This led me to ask the question: why is this here?  I haven’t found a definitive source since this predates the original POSIX specification, but my theory is that it is because it is the only way to properly implement sharing of the file descriptor.  When UNIX added the fork call, one of the characteristics of it was “inheritance of file descriptors”.

          The child inherits copies of the parent's set of open file
          descriptors.  Each file descriptor in the child refers to the same
          open file description (see open(2)) as the corresponding file
          descriptor in the parent.  This means that the two file
          descriptors share open file status flags, file offset, and signal-
          driven I/O attributes (see the description of F_SETOWN and
          F_SETSIG in fcntl(2)).

(Source: http://man7.org/linux/man-pages/man2/fork.2.html)

The status flags describe how the file was opened so they aren’t changing (immutable). The addition of F_SETOWN and F_SETSIG
is more recent but it does appear to be explicitly mutable state (it allows programmatic changes).

Fork is not the only way that a file descriptor (or file handle). For example, it can be done
using UNIX domain sockets on UNIX and Linux systems. Windows provides a system call for doing something similar
as well (the documented version is ZwDuplicateObject).

I’ve spent time thinking about this and it seems that the reason to maintain this shared state is to ensure
that two processes sharing the same file descriptor/handle get the same position pointer value. This
then let me to ask why is this useful?

I have been able to construct a single scenario in which this is useful: appending to the end of a shared file.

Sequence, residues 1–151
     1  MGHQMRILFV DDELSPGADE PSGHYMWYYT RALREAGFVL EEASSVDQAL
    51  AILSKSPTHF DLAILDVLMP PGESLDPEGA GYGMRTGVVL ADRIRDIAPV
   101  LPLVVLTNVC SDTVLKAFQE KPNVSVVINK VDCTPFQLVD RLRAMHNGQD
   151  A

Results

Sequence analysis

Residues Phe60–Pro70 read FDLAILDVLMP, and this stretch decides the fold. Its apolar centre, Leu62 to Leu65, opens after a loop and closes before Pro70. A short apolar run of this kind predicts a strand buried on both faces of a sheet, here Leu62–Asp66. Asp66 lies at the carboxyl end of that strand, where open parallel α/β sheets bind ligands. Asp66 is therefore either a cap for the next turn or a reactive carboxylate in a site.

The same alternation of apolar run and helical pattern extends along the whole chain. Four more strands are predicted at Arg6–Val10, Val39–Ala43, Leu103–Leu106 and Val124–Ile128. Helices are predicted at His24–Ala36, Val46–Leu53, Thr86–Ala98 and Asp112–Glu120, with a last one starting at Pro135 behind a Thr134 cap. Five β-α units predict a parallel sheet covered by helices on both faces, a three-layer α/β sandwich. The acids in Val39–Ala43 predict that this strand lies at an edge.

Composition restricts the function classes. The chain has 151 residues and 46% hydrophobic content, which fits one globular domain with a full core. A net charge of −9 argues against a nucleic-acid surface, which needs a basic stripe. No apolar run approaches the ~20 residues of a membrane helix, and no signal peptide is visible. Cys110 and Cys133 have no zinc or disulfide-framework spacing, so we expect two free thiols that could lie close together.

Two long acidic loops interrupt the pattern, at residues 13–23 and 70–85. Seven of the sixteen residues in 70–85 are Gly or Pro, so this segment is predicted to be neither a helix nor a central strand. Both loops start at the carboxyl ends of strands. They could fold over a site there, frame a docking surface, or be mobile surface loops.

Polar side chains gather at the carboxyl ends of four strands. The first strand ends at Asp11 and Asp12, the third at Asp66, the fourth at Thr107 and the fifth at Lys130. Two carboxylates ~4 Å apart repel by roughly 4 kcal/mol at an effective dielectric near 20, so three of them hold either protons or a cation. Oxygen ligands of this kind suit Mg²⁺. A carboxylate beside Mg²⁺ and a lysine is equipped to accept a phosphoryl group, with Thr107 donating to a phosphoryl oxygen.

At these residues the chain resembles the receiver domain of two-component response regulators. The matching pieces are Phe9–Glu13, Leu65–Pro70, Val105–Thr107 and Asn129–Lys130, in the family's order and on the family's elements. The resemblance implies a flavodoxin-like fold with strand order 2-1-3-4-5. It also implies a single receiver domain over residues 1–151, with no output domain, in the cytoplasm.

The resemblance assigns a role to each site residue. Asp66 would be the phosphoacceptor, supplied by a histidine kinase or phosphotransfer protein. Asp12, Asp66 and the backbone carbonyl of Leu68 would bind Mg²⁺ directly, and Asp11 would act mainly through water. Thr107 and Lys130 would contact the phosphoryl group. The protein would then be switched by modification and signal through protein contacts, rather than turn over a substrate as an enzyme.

Interleaving reads doesn’t make much sense. Interleaving writes inside the existing boundaries of a file
makes even less sense to me. I can construct peculiar scenarios in which I can write applications that
explicitly use this feature but they seem artificial.

Writing to a log file at the end seems like it would make sense. But if that’s my goal, it makes more
sense to just use O_APPEND mode:

              The file is opened in append mode.  Before each write(2), the
              file offset is positioned at the end of the file, as if with
              lseek(2).  The modification of the file offset and the write
              operation are performed as a single atomic step.

(Source: http://man7.org/linux/man-pages/man2/open.2.html)

Thus, this makes me wonder: could we just eliminate this piece of shared state?  I have a reason for asking this question though I will save discussing that for another time.

Preserving the correct behavior for most applications will require fixing things up in the library – we could eliminate read as a system call and provide a library implementation that calls pread.

I’m considering doing that and seeing what breaks. it is more difficult to do that in Windows than in Linux, so I’m considering starting there.

Shanghai Bound!

I’m on my way to the the Symposium on Operating Systems Principles, which is a well-known operating systems conference.  This time it is in Shanghai, China so I’m making my way there.  I do not have the privilege of presenting anything there this trip, but hopefully I will be able to do so in the future – it really is just a small matter of coming up with some interesting research that is worthy.

This will be my first time in China.  Definitely looking forward to seeing some of the interesting talks that are scheduled throughout the conference!

For those problems that are nails, I have a sledgehammer